-- Robert Preidt
MONDAY, Aug. 12 (HealthDay News) -- By using a simple rule to
assess children's ankle injuries, doctors could reduce the use of
X-rays by 22 percent -- and so spare kids unneeded radiation
exposure, according to a new study.
The research appears in the current issue of the
CMAJ (Canadian Medical Association Journal). While X-rays
are used to diagnose 85 percent to 95 percent of ankle injuries in
children, only 12 percent of X-rays show fractures, according to a
journal news release.
"Radiography is unnecessary for most children's ankle injuries, and these high rates of radiography needlessly expose children to radiation and are a questionable use of resources," wrote Dr. Kathy Boutis, a pediatric emergency department physician at the Hospital for Sick Children and the University of Toronto, and colleagues.
The investigators applied the "low risk ankle rule" in more than
2,100 children, aged 3 to 16, who arrived at six Canadian emergency
departments with non-penetrating ankle injuries.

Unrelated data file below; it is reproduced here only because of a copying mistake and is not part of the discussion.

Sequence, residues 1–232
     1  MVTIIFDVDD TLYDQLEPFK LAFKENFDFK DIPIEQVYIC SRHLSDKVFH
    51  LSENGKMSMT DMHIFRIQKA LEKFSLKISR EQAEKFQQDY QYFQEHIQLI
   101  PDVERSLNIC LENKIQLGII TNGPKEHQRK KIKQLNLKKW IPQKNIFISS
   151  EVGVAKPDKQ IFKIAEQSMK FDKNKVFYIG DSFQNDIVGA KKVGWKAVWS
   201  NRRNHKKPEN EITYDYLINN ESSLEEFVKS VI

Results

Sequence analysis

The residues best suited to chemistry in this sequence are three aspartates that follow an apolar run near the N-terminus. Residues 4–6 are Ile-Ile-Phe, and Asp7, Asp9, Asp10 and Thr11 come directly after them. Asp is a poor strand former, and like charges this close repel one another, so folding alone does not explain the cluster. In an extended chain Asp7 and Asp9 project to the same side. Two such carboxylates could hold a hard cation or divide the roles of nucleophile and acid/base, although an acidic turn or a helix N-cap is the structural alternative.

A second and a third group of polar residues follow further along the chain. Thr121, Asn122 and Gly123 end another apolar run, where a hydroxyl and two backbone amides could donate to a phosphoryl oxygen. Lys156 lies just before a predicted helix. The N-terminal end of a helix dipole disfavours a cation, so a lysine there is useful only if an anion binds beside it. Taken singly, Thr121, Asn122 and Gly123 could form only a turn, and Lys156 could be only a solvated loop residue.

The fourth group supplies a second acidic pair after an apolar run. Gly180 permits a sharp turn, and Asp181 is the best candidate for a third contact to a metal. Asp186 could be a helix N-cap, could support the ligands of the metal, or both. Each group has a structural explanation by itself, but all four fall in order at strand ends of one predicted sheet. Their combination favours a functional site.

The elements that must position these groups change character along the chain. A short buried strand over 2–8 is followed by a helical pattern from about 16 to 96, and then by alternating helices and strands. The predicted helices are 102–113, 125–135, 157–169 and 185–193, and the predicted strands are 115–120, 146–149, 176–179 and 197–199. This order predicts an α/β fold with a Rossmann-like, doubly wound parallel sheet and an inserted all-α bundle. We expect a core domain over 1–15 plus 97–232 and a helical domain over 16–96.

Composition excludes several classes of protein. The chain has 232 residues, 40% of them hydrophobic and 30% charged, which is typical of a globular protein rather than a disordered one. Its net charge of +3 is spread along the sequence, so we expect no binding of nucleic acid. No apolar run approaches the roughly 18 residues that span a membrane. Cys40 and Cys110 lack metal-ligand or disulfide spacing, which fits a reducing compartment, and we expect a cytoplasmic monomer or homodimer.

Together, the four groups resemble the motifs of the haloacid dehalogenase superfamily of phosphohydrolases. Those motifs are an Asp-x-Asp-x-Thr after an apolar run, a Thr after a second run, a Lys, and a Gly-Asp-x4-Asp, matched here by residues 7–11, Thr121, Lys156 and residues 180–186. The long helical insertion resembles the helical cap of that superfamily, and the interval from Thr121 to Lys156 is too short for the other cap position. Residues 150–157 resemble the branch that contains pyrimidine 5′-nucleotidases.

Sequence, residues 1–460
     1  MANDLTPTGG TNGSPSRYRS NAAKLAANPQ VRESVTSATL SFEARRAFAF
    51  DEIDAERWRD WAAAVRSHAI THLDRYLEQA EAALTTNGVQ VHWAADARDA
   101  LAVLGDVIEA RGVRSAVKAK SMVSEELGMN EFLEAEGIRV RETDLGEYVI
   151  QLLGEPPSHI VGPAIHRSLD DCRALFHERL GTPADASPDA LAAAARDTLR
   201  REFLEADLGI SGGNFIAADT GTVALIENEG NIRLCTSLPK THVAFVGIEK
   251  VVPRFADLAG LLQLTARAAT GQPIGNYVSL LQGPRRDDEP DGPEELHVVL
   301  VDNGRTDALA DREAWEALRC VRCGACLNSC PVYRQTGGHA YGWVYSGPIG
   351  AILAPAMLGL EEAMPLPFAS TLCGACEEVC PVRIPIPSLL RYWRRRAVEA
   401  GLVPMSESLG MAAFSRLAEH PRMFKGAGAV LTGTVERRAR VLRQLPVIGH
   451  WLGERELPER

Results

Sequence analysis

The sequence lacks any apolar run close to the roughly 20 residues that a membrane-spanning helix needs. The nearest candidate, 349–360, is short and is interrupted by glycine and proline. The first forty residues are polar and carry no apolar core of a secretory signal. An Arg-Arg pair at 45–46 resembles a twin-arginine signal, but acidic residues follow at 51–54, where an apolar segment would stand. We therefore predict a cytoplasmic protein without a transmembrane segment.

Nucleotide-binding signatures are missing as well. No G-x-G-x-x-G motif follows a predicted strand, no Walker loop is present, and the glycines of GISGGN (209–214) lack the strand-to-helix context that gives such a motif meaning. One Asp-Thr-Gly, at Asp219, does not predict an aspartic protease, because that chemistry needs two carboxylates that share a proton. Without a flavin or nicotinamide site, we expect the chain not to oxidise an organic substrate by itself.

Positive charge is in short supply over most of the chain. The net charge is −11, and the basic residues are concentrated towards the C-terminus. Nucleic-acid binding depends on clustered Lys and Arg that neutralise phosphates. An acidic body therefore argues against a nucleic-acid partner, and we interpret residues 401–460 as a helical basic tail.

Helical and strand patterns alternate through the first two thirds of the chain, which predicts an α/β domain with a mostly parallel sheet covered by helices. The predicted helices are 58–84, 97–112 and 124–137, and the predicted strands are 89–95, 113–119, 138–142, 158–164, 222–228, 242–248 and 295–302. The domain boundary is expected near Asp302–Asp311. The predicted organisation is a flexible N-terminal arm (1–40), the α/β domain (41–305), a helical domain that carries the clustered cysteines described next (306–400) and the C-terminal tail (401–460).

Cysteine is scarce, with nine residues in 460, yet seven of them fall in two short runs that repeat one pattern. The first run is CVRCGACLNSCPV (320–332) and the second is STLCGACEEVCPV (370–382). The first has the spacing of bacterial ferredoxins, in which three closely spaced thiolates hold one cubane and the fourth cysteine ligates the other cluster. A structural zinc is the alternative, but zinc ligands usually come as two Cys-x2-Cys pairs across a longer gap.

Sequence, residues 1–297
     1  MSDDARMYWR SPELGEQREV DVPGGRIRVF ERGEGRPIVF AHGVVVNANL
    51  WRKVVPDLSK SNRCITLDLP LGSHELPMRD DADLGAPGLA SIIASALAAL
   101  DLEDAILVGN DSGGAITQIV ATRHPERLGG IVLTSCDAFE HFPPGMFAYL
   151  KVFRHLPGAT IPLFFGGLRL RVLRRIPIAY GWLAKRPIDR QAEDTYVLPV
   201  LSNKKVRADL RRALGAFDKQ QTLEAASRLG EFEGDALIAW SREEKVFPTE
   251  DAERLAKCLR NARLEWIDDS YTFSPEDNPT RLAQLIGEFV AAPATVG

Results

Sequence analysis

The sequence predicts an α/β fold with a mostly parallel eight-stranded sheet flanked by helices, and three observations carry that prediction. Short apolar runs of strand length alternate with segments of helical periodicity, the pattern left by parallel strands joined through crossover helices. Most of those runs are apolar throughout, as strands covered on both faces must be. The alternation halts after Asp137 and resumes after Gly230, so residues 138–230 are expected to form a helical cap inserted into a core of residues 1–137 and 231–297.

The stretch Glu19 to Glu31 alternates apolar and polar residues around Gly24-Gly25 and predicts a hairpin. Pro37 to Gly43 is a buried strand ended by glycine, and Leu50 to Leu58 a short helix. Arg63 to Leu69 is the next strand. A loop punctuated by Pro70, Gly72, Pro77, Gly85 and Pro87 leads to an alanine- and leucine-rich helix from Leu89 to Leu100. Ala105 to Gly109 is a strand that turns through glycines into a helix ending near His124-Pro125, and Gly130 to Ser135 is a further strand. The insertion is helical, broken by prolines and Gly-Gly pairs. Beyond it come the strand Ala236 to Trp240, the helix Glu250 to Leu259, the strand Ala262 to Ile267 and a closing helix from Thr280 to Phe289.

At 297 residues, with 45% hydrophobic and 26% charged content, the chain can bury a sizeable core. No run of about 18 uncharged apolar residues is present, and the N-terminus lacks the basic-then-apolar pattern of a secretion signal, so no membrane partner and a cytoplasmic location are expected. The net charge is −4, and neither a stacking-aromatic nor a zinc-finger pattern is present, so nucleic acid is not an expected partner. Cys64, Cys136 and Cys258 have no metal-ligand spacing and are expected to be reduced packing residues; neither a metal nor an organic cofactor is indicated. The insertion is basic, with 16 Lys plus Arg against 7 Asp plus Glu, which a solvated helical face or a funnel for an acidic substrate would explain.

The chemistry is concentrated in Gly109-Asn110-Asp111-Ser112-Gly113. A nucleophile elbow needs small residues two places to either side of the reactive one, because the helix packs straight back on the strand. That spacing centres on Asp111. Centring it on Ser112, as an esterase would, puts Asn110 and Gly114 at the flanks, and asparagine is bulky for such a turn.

The rule states that if an examination of a child's injured
ankle suggests that there is a low risk of fracture, an X-ray may
not be necessary. If doctors miss a certain category of fractures,
evidence shows that they are stable, pose a low risk for any future
problems, and can be treated like an ankle sprain.
The 22 percent reduction in the use of X-rays when using the
rule was consistent in the different emergency departments.
"The ankle rule has potential broad applicability to emergency departments throughout most of the developed world, and widespread implementation of this rule could safely lead to reduction of unnecessary radiography in this radiosensitive population and a more efficient use of health care resources," the researchers concluded.
The Nemours Foundation has more about
ankle X-rays in children.
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